Can you believe it? Six decades have passed since the Aston Martin DB5 was first revealed to the world, with the British carmaker today celebrating the iconic model’s birthday.
There’s no doubt in our mind that you’ll be familiar with the car in one way or another, but if you need a reminder, here’s a brief history lesson.
In 1963, Aston needed a new model that would keep the brand a step ahead of its competitors, and considering it hadn’t released an entirely new car since the ’50s, it was well overdue.
Taking to the Frankfurt Motor Show, it ripped the covers off the DB5 which featured a new design courtesy of Carrozzeria Touring Superleggera, several technical and equipment improvements over the older DB4, as well as a reworked engine that made more power.
Speaking of engines, the model debuted a new 4.0-litre straight six making 210kW that allowed it to reach a top speed in excess of 241km/h, making it “the fastest 4-seat GT car in the world” at the time.
However, it wasn’t these new features that made the car so iconic, but rather its appearance in a certain series of secret agent spy films. That’s right, how could we not mention James Bond when talking about the DB5?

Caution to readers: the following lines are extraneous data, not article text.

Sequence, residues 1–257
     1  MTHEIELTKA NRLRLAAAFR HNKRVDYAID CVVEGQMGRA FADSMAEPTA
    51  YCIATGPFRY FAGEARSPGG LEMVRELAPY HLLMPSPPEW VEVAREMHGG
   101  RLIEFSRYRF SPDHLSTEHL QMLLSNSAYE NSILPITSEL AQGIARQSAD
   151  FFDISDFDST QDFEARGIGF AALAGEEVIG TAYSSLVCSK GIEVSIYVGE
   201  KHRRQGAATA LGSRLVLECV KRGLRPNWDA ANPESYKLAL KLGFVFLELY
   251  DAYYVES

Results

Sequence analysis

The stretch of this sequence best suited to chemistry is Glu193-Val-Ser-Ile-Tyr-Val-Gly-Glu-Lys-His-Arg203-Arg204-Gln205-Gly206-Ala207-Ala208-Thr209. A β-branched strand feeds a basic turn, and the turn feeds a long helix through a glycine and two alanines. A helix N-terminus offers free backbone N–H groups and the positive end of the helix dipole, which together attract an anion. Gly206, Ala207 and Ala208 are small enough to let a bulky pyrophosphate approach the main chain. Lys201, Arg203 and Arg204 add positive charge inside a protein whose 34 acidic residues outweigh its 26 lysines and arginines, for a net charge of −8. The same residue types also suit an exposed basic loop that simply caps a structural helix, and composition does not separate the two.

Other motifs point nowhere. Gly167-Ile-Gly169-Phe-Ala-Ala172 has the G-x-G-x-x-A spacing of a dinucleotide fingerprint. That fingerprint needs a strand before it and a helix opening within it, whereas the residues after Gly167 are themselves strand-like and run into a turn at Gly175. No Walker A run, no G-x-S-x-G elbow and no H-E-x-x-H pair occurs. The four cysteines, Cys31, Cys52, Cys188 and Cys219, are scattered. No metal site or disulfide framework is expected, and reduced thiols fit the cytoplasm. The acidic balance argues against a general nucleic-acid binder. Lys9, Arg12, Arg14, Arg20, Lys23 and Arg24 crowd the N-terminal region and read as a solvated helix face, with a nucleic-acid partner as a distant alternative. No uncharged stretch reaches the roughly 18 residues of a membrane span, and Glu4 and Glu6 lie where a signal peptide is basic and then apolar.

The car’s pop culture status didn’t just extend to Sean Connery making a getaway in Goldfinger though, as other celebrities like The Beatles’ Sir Paul McCartney and George Harrison were two popular figures who couldn’t stop themselves from buying one.
Another notable owner of a DB5 is Aston Martin’s own Executive Chairman, Lawrence Stroll, who had this to say about the model: “The David Brown era gave us so many great Aston Martin sports cars but none more recognisable, revered, and desired as the DB5, which laid the foundations of our identity as a British luxury brand synonymous with style, performance, and exclusivity.”
“It is only right that, as it turns 60, we take a moment to look back and reflect on this car’s incredible role in our storied 110-year heritage.”
The DB5’s legacy continues to this day, with the newly-revealed DB12 now carrying the torch for British hand-built grand tourers.